Black hole birth captured by ‘armada of instruments’

"A Rosetta-Stone event ... may require physicists to modify existing theories about radiation"
November 25, 2013


“Los Alamos’ RAPTOR telescopes in New Mexico and Hawaii received a very bright cosmic birth announcement for a black hole on April 27,” said astrophysicist Tom Vestrand, lead author of a paper n the journal Science Nov. 21 that highlights the unusual event.

“This was the burst of the century,” said Los Alamos co-author James Wren. “It’s the biggest, brightest one to happen in at least 20 years, and… read more

Hubble sees cloudy ‘super-Earth’ 40 light-years away

January 2, 2014


Two teams of scientists using NASA’s Hubble Space Telescope report they have characterized the atmospheres of a pair of planets with masses intermediate between gas giants, like Jupiter, and smaller, rockier planets, like Earth.

A survey by NASA’s Kepler space telescope mission previously showed that objects in this size range are among the most common type of planets in our Milky Way galaxy. The researchers described their… read more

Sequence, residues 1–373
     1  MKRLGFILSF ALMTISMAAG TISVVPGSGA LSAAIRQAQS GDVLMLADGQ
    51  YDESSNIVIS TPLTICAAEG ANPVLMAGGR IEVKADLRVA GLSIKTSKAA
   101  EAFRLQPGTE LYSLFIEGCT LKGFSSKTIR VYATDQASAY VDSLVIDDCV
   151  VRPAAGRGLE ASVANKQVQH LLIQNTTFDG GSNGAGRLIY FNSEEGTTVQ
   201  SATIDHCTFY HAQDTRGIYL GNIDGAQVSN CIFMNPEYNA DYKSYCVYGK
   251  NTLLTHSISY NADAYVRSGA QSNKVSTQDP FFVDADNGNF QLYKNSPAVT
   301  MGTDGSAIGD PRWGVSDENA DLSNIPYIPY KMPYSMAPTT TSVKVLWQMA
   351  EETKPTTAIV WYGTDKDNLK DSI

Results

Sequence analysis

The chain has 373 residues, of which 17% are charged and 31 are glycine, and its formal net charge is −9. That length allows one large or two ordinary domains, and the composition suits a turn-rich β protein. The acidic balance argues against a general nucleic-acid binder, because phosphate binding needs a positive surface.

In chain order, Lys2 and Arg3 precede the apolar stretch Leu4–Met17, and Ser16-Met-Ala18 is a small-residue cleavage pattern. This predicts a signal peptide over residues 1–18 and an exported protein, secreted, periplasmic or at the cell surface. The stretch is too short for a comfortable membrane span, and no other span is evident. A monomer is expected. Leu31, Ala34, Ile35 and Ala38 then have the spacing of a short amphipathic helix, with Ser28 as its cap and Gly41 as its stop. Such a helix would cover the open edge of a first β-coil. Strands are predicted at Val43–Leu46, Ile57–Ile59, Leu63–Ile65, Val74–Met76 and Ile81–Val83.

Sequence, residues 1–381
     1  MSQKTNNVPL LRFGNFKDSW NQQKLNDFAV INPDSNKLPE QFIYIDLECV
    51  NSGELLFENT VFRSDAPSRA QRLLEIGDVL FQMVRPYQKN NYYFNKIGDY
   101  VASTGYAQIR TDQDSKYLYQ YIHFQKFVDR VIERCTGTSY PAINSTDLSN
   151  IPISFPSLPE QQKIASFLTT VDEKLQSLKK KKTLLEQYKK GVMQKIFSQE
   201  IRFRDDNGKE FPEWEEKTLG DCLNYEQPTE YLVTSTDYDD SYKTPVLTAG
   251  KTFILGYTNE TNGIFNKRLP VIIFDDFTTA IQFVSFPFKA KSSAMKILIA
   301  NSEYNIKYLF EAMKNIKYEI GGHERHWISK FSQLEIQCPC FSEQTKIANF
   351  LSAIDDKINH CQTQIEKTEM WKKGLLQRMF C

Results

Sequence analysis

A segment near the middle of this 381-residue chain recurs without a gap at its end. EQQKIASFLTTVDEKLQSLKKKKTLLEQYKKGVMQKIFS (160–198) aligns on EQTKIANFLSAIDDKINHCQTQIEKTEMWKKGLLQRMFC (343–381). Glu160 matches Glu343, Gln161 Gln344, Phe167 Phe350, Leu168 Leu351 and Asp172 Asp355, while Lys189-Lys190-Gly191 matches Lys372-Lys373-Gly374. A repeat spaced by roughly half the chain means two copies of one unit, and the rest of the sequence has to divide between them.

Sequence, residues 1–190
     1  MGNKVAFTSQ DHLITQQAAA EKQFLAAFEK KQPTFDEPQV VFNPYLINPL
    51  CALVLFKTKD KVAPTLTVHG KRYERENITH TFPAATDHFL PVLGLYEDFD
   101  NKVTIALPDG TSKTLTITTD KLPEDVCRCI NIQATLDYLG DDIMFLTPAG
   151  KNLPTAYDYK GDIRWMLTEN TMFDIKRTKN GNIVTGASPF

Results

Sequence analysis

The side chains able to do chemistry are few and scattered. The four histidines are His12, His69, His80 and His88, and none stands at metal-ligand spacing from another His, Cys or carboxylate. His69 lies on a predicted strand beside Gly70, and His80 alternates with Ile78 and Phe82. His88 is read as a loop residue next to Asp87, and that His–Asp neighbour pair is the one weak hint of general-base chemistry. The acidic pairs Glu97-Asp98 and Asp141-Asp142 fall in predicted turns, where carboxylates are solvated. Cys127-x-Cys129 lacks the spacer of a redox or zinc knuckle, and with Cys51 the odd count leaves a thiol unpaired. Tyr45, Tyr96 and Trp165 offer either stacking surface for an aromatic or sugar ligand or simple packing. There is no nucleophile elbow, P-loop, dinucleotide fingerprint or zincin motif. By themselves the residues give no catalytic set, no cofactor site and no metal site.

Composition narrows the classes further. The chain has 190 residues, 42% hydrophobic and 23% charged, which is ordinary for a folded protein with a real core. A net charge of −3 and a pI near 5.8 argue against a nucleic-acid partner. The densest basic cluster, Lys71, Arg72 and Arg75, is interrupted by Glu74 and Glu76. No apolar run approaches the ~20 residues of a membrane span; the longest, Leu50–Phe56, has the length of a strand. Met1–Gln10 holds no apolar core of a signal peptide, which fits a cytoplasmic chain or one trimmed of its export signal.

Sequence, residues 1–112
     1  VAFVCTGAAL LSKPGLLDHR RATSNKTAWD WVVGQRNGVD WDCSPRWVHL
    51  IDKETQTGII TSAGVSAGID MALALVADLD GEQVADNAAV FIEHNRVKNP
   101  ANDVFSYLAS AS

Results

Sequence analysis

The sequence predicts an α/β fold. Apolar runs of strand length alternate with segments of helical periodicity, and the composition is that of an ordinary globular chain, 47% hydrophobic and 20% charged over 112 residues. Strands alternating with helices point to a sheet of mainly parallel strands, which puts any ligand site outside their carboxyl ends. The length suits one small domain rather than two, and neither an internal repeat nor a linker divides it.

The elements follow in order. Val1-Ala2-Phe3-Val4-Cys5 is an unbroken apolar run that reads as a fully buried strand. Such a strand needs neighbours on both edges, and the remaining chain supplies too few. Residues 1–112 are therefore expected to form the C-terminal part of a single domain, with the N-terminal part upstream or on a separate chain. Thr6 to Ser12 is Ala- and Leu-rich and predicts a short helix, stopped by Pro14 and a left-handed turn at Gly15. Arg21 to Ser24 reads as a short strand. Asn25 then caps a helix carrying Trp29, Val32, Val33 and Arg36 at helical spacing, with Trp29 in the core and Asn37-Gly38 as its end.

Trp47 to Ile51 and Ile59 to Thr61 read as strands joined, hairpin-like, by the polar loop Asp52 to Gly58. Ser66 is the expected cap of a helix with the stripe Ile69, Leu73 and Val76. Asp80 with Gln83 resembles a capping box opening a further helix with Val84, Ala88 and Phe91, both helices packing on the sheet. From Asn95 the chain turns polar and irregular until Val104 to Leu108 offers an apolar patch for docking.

Solar-powered 3-D printer prints glass from sand

June 29, 2011

Solar Sinter

Markus Kaiser’s  solar sintering project explores the potential of desert manufacturing, where energy and material occur in abundance.

In this experiment, sunlight and sand are used as raw energy and material to produce glass objects using a 3D printing process, combining natural energy and material with high-tech production technology.

His work with solar-sintering aims to raise questions about the future of manufacturing and the use of solar energy.… read more

‘Nanozyme’ nanoparticles can be programmed to target different diseases

July 19, 2012